Keynote Speaker: Arcadio Díaz-Quiñones: Emory L. Ford Professor of Spanish, Princeton University
COLLAPSING CULTURES & DARKENED DREAMSCAPES:
SOCIETIES AND IMAGINATIONS IN A STATE OF DISORDER
CALL FOR PAPERS FEBRUARY 25-26, 2011
As Donna Haraway puts it, "when were love and knowledge not co-constitutive?" How, then, does fan culture work in the plurality of linguistic, cultural, and geopolitical conditions facilitated by new media, and specifically the online environments which define contemporary fandom experience? What are its canons? Who actively reads fandom's texts, and what does that literacy entail? And whose purposes do these questions serve?
In 1927, exactly one hundred years after Goethe first used the term "Weltliteratur," Walter Benjamin returned to Berlin from Moscow. He had spent his time there reporting on developments in Russian literature and film, and he arrived to find that his German translation of Marcel Proust's Within a Budding Grove had been published to strong reviews. Such multi-lingual and multi-national literary undertakings are central to Benjamin's entire corpus. While not a major figure in most narratives of world literature, Benjamin's involvement and theoretical interest in questions of translation, media, and cultural history suggest ways of placing him in these important contexts. But how do we read Benjamin's own reading?
Call for Papers: Two-day Symposium
'Nabokov and Morality'
University of Strathclyde, 5th & 6th May 2011
Keynote Speaker: Prof. Michael Wood (Princeton)
Papers are invited for a two-day symposium at the University of Strathclyde in Glasgow on the 5th & 6th May 2011. The event will involve 15-20 speakers over two days and be based on papers/presentations of 20 minutes each plus 10 minutes for questions. Both days will conclude with a roundtable discussion.
UNC Charlotte's English Graduate Student Association (EGSA) is proud to announce its 11th annual conference and call for papers. Our conference is the largest and longest running student-led conference in the southeast. This year, come and see how the rules of the game are changing.
The UNC Charlotte English Graduate Student Association invites faculty, graduate students, and advanced undergraduates to submit an original essay or presentation for the annual spring semester conference.
The Music Theatre/Dance (MT/D) Focus Group of the Association for Theatre in Higher Education (ATHE) announces its call for papers for the "Bruce Kirle Memorial Emerging Scholarship Panel in Music Theatre/Dance" for the 2011 ATHE conference in Chicago, IL (August 11-14, 2011). This annual panel is held in memory of Dr. Bruce Kirle, a longtime member of the Music Theatre/Dance focus group. Dr. David Savran will serve as the respondent. Dr. Savran is the Vera Mowry Roberts Chair in American Theatre at the CUNY Graduate Center as well as the editor of The Journal of American Theatre and Drama. His most recent book, Highbrow/Lowdown: Theater, Jazz, and the Making of The New Middle Class, was published in 2009 by the University of Michigan Press.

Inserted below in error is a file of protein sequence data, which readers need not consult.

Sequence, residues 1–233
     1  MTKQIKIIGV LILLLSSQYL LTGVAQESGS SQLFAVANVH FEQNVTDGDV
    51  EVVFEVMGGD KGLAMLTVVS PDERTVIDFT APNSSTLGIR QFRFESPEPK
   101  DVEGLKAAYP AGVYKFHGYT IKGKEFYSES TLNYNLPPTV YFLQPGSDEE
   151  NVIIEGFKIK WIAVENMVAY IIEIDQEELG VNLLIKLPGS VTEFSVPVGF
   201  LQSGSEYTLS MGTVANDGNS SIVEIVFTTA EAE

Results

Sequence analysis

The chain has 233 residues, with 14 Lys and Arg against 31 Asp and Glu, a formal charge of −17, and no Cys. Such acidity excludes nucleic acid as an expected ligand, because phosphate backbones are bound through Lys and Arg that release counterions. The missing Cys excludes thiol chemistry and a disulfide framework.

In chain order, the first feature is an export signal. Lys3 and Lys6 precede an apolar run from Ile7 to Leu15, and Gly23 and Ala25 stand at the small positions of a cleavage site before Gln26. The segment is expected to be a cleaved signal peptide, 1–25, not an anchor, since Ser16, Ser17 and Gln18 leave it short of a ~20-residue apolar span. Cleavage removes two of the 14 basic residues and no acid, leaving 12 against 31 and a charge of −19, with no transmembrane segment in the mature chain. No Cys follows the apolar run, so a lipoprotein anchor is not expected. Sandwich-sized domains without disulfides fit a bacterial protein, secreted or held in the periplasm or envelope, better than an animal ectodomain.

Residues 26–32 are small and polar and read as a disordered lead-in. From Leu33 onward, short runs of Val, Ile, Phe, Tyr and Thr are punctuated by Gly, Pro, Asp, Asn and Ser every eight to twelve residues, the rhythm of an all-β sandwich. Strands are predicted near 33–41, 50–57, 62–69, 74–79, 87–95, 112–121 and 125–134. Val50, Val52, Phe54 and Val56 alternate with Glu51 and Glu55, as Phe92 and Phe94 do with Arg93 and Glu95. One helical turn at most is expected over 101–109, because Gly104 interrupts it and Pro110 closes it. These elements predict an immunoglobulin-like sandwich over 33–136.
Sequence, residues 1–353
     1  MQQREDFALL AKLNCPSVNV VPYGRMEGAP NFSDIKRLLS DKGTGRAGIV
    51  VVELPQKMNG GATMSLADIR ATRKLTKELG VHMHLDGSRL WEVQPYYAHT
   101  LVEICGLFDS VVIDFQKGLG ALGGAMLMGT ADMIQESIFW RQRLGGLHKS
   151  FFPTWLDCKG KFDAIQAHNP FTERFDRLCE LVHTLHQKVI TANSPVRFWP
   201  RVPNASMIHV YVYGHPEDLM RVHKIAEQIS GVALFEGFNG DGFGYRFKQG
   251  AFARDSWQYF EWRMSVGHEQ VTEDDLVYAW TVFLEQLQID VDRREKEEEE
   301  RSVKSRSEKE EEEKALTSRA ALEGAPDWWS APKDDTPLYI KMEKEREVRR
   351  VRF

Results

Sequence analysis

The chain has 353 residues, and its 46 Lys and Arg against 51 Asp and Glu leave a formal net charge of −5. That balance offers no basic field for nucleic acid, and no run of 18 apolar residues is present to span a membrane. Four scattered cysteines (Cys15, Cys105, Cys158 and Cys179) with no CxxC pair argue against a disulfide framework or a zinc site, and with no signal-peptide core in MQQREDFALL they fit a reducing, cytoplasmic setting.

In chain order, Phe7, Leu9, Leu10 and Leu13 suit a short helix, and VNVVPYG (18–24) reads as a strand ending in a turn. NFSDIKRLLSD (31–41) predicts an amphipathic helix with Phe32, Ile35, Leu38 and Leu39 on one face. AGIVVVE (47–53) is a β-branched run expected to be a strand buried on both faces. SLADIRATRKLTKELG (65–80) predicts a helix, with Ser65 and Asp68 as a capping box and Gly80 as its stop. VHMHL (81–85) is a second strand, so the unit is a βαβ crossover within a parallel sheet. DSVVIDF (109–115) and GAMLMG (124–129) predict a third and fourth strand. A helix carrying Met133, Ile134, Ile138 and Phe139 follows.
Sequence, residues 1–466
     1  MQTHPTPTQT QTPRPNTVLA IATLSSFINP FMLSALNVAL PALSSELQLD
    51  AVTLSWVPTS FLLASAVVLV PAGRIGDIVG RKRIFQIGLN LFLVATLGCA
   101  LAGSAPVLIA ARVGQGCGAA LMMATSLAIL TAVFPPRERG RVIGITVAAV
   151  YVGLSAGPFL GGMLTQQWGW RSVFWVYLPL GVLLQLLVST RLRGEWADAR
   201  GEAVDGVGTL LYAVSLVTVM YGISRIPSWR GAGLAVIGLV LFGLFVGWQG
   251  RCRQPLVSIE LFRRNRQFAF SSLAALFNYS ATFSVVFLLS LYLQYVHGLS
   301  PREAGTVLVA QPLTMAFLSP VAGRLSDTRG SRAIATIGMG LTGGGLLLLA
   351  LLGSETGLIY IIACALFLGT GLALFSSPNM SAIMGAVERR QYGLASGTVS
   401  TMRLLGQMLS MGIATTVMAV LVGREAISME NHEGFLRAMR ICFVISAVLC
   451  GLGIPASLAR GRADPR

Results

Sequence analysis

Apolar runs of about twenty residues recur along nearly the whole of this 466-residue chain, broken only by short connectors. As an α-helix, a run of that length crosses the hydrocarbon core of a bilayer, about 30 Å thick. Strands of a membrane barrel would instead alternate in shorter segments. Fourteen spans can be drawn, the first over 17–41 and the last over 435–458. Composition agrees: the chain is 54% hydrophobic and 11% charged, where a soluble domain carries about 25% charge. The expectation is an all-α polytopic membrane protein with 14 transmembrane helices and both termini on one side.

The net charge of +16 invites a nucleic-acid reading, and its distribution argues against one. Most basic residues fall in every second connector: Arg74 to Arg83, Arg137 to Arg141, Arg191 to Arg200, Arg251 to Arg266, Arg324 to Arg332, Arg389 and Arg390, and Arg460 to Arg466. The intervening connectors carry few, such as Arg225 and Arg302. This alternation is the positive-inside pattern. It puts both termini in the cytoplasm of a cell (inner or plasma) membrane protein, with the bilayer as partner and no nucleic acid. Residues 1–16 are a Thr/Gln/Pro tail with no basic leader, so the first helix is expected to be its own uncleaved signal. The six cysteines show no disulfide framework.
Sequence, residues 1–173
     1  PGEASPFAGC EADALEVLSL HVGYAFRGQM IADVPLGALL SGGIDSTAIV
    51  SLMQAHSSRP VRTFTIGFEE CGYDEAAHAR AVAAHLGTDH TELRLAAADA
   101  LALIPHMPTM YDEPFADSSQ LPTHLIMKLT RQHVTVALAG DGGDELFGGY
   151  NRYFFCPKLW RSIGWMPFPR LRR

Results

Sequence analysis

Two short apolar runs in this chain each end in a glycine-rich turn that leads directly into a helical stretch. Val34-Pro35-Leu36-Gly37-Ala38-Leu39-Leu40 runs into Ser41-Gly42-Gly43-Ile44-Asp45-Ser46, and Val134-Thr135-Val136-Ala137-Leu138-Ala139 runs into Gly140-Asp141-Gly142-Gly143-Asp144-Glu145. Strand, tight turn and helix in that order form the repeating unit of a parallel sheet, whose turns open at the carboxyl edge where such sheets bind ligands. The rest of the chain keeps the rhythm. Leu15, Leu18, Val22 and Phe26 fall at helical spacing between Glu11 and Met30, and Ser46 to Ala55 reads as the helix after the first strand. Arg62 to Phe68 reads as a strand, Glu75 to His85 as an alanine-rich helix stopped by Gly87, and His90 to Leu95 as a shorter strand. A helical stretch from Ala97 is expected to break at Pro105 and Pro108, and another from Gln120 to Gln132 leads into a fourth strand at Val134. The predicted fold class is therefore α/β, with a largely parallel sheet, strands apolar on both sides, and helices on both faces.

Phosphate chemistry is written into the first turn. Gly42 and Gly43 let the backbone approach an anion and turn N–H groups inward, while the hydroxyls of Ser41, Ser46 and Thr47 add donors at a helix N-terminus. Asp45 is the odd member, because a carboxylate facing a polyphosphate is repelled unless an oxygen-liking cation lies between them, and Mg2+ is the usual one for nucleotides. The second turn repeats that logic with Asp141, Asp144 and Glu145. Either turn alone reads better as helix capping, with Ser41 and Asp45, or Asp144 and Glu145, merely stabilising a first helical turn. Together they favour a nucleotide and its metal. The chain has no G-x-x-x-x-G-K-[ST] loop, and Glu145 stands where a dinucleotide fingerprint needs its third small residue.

Currently, a number of analysts are thinking about what constitutes, assembles, or traces "objects." While Bruno Latour (2005), Manuel DeLanda (2006), Andy Clark (2008), Graham Harman (2009), Cary Wolfe (2010), et al. might not agree on what objects "are," they're all interested in shifting away from the transcendental ego in ways that evade the "modern constitution" or the "bifurcation of nature." And we're interested in how this move -- and all its concomitant effects -- might influence not literary theory, but literary criticism.
Gilles Deleuze defines an assemblage as a multiplicity that "is made up of many heterogeneous terms and which establishes liaisons, relations between them, across ages, sexes and reigns — different natures." Such a form of organization, he argues, is the product of the interactions between the various bodies — physical, psychical, social, economic, linguistic — that compose it. The inherent dynamism of the assemblage is mirrored in the work of those who have theorized it; the concept remains notoriously diffuse and unstable. Following Manuel DeLanda's recent work, we are eager to reconstruct and refine assemblage theory.